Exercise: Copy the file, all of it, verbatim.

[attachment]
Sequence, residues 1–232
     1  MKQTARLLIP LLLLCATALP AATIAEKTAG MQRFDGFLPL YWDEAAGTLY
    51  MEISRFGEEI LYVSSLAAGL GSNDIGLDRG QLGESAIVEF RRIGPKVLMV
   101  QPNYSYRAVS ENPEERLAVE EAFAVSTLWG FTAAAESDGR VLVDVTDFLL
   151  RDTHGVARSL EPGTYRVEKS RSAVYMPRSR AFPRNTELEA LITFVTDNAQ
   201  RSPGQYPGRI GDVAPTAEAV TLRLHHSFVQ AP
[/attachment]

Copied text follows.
Sequence, residues 1–232
     1  MKQTARLLIP LLLLCATALP AATIAEKTAG MQRFDGFLPL YWDEAAGTLY
    51  MEISRFGEEI LYVSSLAAGL GSNDIGLDRG QLGESAIVEF RRIGPKVLMV
   101  QPNYSYRAVS ENPEERLAVE EAFAVSTLWG FTAAAESDGR VLVDVTDFLL
   151  RDTHGVARSL EPGTYRVEKS RSAVYMPRSR AFPRNTELEA LITFVTDNAQ
   201  RSPGQYPGRI GDVAPTAEAV TLRLHHSFVQ AP